An evening in a Taiwan Hostel

The loss of a common language has been one of the hardest things about coming to Taiwan, but the sudden disappearance of common sense can be the most humiliating. Examples include not knowing how to use the toilet -I googled it; not knowing how to open doors – somebody has to open them for me; and not knowing how to cross a road – quickly and hopefully seems to be the answer.

Last night was another humbling from bumbling incompetence. Firstly, the hostel manager, a girl from Taipei, did my laundry for me after assuming I wouldn’t be able to read the buttons. A gregarious girl, she is slim and tall, as tall as the young man from Burkina Faso here on a student exchange program – she insisted they compare heights much to the amusement of the room.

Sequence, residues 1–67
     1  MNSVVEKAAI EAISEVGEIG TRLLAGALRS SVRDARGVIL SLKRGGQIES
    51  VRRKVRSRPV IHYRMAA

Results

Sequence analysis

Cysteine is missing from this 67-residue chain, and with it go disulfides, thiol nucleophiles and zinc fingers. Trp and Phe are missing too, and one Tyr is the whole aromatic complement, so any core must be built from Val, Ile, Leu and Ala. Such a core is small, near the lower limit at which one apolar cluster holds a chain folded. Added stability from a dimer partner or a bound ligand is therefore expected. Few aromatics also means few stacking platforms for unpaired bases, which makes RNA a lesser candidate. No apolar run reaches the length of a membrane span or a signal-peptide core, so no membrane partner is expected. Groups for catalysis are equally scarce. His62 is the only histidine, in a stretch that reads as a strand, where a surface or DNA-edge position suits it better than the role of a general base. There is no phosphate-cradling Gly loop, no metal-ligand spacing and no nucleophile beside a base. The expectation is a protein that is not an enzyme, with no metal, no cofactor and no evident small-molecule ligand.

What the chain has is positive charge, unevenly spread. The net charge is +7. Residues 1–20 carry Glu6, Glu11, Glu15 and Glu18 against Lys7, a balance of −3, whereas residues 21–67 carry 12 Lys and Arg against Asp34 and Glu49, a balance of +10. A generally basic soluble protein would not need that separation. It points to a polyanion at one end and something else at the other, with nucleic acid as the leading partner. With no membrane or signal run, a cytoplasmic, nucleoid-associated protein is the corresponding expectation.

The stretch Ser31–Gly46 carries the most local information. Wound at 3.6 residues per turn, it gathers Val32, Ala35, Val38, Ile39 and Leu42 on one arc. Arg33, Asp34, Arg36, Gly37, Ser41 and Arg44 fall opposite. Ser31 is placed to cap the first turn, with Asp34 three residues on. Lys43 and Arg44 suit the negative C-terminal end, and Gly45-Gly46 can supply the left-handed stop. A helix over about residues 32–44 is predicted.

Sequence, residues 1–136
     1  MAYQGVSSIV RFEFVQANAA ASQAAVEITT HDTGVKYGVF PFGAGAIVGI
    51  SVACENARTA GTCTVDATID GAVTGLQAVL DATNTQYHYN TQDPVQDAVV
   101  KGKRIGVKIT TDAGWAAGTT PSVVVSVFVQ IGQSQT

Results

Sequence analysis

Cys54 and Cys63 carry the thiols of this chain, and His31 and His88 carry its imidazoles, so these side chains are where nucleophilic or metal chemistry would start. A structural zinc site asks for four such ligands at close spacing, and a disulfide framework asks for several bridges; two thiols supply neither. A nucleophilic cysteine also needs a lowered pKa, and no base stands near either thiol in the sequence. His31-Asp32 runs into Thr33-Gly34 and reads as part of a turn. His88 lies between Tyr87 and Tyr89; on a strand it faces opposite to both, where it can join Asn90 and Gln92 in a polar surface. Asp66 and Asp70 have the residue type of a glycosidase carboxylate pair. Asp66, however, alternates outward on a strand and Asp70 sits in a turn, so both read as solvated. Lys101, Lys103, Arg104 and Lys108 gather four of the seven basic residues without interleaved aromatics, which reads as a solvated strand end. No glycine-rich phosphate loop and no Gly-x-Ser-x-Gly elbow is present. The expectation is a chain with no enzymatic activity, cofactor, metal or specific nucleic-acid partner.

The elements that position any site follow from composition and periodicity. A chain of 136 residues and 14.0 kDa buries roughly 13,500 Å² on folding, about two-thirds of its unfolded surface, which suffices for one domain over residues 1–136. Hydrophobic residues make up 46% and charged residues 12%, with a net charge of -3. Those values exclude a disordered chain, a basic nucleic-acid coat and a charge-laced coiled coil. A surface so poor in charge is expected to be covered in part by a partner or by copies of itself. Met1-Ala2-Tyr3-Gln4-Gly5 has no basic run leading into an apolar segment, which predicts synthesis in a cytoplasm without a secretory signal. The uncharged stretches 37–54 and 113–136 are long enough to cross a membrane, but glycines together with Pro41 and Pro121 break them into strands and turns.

While chatting to other travellers -mostly University age Taiwanese, she kept an eye on me and was generous in her guidance, heaping praise on me when I used the correct bin, and anticipating problems like My inability to open a pot noodle packet. After helping me unravel the mystery, she then scolded me for not letting them cook long enough before eating them. “But I was hungry”, I timidly protested.

Later in the evening, she spotted me studying with my iPad in the corner isolated from the others conversation. I was studying Mandarin on a downloaded Teach Yourself book. I am at introductions and numbers, or to be more specific, I am stuck on saying my name and 5. I can’t match the sing song tones I hear and the printed words I see on my screen. Anyway, at her prompting, I introduced myself to the room. An Inguoren I am, my book tells me that it literally means person from heroic country; that might be taking it a bit far but I’ll take what I can get.


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